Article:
A graduate of Milken Community High School, Wexler and his business partner (and fellow Cornell University alum) Mike Kassar, are setting their sights on settling down again, in a new locale, in the coming months.  

The Residency at Umamicatessen
852 Broadway  –  Los Angeles
(213) 413-8626 – umami.com/umamicatessen

Gourmet Memories

Rosh Hashanah is filled with promise of many kinds — the prospect of a fresh start for the year to come, the opportunity to celebrate with friends and family, and the thrill of enjoying delicious food whose ingredients express the potential for sweet things ahead. For four of Los Angeles’ top Jewish chefs, the holiday also offers up the chance to share their recollections — and recipes — from a lifetime spent preparing and enjoying great meals. Tradition inspires their daily work and also the dishes they’ve chosen to share

Nicki B. Reiss: Private Chef

Just back from six weeks as private chef to “American Idol” founder Simon Fuller in the south of France, Nicki B. Reiss already had the Jewish New Year on the brain.

“It’s always a major event in our family,” said Reiss, 30. “I know wherever I am in the world, I am always going home for Rosh Hashanah.”

Reiss, who had her bat mitzvah at Stephen S. Wise Temple, grew up in a food-centric Jewish household, with a “fabulous-cook” mother and a father who owned several commercial bakeries. “But don’t get the wrong idea — the pastries were so bad, I had to go to school just to learn to make them better,” she said, laughing.

After graduating from the Culinary Institute of America in New York in 1996, she did stints in San Francisco, New York and the Bahamas with top chefs such as Daniel Boulud and Jean Georges Vongerichten. Then she headed back to Los Angeles in 2001, where she cultivated a celeb-heavy client roster that includes Mariah Carey and Billy Bob Thornton.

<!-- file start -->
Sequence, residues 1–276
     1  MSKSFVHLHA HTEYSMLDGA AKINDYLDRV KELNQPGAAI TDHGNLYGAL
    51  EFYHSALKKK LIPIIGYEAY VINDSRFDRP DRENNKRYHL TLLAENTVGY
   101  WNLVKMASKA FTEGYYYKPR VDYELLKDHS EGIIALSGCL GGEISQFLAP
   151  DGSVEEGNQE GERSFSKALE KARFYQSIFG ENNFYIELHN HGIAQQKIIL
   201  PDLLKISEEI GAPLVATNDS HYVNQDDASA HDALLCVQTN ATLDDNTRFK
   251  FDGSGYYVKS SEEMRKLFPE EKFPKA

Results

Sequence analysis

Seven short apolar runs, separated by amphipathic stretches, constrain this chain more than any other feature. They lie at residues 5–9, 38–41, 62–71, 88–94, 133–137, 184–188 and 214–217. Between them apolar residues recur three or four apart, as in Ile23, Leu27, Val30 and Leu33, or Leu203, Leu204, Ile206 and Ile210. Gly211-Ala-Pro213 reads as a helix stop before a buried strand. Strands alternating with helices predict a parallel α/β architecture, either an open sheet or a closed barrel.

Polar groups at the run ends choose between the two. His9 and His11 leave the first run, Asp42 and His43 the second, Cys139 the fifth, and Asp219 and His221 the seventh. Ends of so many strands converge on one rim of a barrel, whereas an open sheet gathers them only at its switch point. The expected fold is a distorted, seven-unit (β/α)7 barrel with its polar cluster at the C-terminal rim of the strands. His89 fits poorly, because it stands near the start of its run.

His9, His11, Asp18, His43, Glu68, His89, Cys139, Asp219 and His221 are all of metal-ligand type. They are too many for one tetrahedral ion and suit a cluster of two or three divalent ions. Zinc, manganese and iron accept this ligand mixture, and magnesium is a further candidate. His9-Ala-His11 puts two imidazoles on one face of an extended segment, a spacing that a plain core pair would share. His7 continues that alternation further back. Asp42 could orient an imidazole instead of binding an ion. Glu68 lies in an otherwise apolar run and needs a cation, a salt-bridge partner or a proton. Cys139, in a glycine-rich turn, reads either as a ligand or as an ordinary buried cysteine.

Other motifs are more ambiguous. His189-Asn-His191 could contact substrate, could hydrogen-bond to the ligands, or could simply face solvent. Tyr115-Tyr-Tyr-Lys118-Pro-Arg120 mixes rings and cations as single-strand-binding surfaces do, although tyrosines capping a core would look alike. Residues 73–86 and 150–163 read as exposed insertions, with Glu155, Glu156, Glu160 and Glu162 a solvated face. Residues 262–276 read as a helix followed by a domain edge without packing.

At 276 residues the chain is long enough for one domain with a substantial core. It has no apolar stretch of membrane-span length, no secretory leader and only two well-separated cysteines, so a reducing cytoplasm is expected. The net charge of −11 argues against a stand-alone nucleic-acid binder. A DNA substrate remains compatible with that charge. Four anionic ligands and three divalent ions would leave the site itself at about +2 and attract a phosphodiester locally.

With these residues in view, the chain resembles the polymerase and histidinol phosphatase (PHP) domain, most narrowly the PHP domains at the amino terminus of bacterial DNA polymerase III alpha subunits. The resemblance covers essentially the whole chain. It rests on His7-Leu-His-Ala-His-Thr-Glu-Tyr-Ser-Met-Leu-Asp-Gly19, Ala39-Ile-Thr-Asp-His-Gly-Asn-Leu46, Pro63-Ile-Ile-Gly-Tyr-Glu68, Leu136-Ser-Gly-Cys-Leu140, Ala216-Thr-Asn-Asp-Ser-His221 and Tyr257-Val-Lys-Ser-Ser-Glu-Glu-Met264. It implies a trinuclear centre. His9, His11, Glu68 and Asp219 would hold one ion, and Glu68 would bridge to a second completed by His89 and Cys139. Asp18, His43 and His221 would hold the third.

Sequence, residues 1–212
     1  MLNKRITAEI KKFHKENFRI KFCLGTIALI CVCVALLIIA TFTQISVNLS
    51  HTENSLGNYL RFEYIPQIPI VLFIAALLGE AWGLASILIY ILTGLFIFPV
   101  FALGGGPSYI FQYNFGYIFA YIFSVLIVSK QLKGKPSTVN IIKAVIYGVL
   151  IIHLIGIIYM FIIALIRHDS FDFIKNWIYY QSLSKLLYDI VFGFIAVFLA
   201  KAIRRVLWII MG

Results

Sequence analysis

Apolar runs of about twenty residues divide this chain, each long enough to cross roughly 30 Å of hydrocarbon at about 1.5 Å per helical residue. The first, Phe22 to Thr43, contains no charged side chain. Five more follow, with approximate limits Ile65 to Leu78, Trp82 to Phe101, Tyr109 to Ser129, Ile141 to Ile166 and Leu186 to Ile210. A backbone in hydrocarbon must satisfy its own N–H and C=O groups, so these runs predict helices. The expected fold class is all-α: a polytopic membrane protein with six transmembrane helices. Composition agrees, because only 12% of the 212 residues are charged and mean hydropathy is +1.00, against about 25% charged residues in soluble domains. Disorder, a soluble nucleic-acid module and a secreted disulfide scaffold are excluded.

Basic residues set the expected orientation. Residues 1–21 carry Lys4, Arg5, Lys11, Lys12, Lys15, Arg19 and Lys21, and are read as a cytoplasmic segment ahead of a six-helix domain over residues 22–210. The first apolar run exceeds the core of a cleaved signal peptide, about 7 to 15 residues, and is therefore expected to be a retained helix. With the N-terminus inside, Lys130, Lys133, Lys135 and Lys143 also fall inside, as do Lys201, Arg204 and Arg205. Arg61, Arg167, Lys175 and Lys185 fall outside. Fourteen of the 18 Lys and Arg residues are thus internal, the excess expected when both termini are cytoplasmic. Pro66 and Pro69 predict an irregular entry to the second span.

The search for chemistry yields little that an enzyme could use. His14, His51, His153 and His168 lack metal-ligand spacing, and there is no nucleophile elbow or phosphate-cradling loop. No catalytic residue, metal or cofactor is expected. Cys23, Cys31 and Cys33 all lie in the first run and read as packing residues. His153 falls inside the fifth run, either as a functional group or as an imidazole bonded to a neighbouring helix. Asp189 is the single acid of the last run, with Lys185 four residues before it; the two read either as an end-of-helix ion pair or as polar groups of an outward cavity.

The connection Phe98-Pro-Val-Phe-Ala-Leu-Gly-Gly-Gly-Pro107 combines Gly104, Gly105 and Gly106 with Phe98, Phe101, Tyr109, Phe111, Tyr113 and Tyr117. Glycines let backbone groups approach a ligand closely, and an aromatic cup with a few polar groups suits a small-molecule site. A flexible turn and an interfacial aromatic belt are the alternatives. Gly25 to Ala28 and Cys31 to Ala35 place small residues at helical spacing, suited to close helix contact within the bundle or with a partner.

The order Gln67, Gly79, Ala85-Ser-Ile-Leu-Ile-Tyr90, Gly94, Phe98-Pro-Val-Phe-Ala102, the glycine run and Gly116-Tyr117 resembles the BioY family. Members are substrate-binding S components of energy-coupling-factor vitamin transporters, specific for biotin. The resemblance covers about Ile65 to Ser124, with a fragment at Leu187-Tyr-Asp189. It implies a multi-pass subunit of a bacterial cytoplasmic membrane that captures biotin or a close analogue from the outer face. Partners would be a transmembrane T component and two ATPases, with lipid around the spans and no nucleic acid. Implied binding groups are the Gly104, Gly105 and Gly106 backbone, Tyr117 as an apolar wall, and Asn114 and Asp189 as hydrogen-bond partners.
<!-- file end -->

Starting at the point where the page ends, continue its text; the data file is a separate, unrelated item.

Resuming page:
Still, that doesn’t get her out of cooking at home.

“Ever since she was in culinary school, we would literally get her off the plane and put her in the kitchen,” said her sister, Shaynee. “We wouldn’t even let her sit down before we sent her to work.”

After temple, Reiss’ extended family — parents, grandparents, cousins, pets — gather at her parents’ Encino home for a crowd-pleasing meal, often starring her mother’s kugel.

“It has everything bad in it, all the things you’re not supposed to eat,” said Reiss admiringly of the noodle dish filled with sour cream, cream cheese, eggs, brown sugar — and even Cocoa Krispies.

This year, Reiss will be making the sweet-and-savory glazed short ribs described below, and maybe the walnut-apple cake that is a family favorite. She also prepares lighter salads and soups for balance.

Simple, creative presentation completes the picture. Reiss drapes a central buffet table with pieces of color-coordinated fabric, then creates a dramatic platform for serving platters by covering boxes with more fabric. Centerpieces can include vases filled with dried branches, floating candles — even tiny crabapples suspended in water.